UK unveils ambitious plan to go all-electric by 2040

United Kingdom road to zero UK electric vehicle 2040 ban petrol diesel car

A ban on the sale of high-polluting petrol and diesel-powered cars in favour of ultra-low emission electric vehicles is the cornerstone of a new initiative announced this week by the UK government to improve the adoption of green technologies across the country.

The government confirmed its ambitions to become the world’s leader in zero emission vehicle technology with the release of its Road to Zero strategy designed to cut the nation’s harmful emissions by 2030 and improve the number of low-emissions vehicles on the roads by 2040.

In unveiling the 46-point strategy, UK Transport Minister Chris Grayling said the wide range of initiatives and incentives being proposed places the government at the forefront of the global movement towards cleaner road transport technologies.

“The sales of ultra-low emission vehicles are increasing rapidly and countries, regions and cities across the world have announced long-term plans for cleaner road transport,” he said.

“By some estimates, ultra low emission vehicles will make up over half of global car sales by 2040 [which will mean] fundamental changes to the global automotive market and new opportunities for the UK.”

Out with the old, in with the new

Under the terms of Road to Zero, at least 50% of the UK’s conventional vehicles – excluding petrol and diesel-powered hybrid cars – will be phased out nationwide by 2030 to make way for new generation ultra-low emissions electric vehicles.

By 2040, the government expects all new cars and vans sold within the UK to “have significant zero emissions capability” and by 2050, almost every car to be zero-emission.

Road to Zero also includes a push for charge points to be installed in new-build homes and on street lamp posts throughout England, underpinned by a A$179 million Charging Infrastructure Investment plan to assist new and existing companies with their charge point installation requirements.

Another A$70m has been earmarked for the development and testing of new, cost-effective, on-street charging technologies, while a further A$8m will be used for an Onstreet Residential Chargepoint Scheme and provide funding to local authorities.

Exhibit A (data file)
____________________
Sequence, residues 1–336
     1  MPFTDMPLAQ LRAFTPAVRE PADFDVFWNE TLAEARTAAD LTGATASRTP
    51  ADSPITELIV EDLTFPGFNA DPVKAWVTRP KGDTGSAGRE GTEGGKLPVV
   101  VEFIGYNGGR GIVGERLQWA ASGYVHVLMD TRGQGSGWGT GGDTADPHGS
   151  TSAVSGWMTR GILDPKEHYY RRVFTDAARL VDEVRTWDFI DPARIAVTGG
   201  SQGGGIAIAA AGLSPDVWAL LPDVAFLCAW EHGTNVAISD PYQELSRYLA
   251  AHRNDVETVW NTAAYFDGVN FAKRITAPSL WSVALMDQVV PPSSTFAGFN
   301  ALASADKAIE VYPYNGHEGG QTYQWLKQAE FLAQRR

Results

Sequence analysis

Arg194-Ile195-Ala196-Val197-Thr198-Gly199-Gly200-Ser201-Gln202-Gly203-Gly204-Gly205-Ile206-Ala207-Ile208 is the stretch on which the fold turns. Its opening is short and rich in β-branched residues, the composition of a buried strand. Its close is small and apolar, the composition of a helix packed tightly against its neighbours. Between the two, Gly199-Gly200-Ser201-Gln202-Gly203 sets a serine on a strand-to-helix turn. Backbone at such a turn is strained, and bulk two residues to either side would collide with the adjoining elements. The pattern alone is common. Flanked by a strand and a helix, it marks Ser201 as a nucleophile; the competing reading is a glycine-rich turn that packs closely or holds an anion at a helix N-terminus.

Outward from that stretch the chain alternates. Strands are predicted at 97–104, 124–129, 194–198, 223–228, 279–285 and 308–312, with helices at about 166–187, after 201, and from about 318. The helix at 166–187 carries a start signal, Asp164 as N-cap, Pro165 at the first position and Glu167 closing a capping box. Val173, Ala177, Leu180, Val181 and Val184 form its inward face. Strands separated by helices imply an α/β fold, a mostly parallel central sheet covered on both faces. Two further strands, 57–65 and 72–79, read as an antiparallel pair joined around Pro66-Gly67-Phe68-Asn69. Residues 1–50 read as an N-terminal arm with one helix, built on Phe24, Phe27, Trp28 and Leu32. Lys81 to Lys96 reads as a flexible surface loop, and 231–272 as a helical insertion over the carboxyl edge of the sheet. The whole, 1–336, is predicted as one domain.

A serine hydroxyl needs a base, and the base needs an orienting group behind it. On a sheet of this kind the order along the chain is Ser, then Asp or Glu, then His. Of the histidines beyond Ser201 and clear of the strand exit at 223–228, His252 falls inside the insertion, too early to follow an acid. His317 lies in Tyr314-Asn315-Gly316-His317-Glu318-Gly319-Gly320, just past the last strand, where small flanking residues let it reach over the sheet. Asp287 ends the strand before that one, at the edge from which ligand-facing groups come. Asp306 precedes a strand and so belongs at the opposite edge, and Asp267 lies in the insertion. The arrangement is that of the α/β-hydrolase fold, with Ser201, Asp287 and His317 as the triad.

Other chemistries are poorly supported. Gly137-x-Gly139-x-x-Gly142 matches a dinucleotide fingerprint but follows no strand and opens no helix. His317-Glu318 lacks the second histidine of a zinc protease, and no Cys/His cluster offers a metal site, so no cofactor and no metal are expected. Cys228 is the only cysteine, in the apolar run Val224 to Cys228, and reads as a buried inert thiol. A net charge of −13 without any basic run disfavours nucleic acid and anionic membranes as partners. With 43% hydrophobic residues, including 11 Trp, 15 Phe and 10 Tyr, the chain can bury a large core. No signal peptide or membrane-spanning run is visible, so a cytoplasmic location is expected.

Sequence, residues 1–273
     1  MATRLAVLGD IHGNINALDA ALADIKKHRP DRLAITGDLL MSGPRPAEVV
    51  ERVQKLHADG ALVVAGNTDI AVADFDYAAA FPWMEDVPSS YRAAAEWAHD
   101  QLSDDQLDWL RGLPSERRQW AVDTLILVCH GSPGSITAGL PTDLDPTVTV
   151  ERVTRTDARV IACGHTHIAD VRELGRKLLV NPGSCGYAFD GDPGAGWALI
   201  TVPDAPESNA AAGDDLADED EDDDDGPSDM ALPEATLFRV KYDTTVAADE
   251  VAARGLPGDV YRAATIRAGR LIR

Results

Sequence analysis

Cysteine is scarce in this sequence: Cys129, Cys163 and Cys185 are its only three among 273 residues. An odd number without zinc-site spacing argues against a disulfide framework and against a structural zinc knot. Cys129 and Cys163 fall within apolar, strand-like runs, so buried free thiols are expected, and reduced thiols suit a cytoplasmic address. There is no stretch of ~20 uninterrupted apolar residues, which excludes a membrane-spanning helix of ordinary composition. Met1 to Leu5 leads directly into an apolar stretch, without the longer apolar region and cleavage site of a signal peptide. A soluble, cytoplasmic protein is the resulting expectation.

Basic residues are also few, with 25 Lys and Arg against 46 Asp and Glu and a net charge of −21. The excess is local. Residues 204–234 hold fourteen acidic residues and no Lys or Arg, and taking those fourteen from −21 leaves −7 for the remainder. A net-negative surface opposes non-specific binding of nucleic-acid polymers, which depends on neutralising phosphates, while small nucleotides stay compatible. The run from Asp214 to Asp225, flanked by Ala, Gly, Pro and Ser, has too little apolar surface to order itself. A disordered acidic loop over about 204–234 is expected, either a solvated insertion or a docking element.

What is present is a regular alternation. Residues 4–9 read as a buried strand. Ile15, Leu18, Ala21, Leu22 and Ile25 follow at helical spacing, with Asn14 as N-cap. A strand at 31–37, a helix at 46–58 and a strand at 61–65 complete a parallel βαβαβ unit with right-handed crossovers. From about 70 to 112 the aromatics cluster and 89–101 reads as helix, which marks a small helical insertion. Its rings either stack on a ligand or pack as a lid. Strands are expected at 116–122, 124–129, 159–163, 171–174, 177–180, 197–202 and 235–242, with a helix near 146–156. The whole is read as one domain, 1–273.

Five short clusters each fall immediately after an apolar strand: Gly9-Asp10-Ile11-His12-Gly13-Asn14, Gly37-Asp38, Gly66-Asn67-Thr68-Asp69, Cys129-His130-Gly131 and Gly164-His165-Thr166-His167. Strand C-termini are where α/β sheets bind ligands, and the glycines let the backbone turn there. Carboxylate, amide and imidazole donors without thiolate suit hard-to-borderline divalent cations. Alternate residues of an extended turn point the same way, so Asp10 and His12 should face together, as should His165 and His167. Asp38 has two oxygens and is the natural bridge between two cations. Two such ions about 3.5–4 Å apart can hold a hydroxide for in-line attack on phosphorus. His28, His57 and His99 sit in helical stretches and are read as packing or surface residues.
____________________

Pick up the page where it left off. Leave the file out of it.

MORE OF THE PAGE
Critics question strategy timeframes

The Road to Zero strategy comes at a time when the UK government is being criticised for not doing enough to curb carbon emissions, and it appears to have already ruffled some feathers.

The original launch date was delayed by a dispute over which cars should be allowed to be sold after 2040, with the government finally confirming this month that hybrid cars and vans will be excluded from the ban.

The Green Alliance think tank has been quick to criticise the strategy’s timeframes, saying 2040 is “too late” for a total ban on conventional vehicles and claiming that an earlier deadline would provide more incentive to UK electric vehicle makers and put them on a par with the likes of Norway and Scotland, both of which have committed to the same ban by 2030.

Also in the environmental space, Friends of the Earth network challenged the strategy’s ability to effect real change, saying the UK is “dangerously behind target on cutting carbon” and that the proposal “while positive, will not get us back on track”.

The Campaign for Better Transport advocacy group echoed the belief that faster transitioning between high and low emissions technologies is required and suggested that “overall, the strategy fails to match the urgency of the situation”.

At the opposite end of the spectrum, Greenpeace UK said the strategy is not ambitious enough, advising the government to “shift up a gear or this Road to Zero will start looking like a road to nowhere”.

A growing sector

Petrol and diesel vehicles have dominated worldwide automotive markets for over a century and have been reported to still account for more than 99% of global sales.

According to research by the UK’s RAC Foundation, electric vehicles made up only 5.5% of the UK’s new car market in the six months to June 2018, compared with 4.3% over the previous corresponding period – indicating a growing, albeit slow, trend away from consumer comfort zones towards low emissions vehicles.

“The coming decades are going to be transformative for our motor industry, our national infrastructure and the way we travel,” Mr Grayling said.

“The Road to Zero strategy sets out a clear path for Britain to become a world leader in the zero emission revolution, ensuring that the [our country] has cleaner air, a better environment and a stronger economy.”

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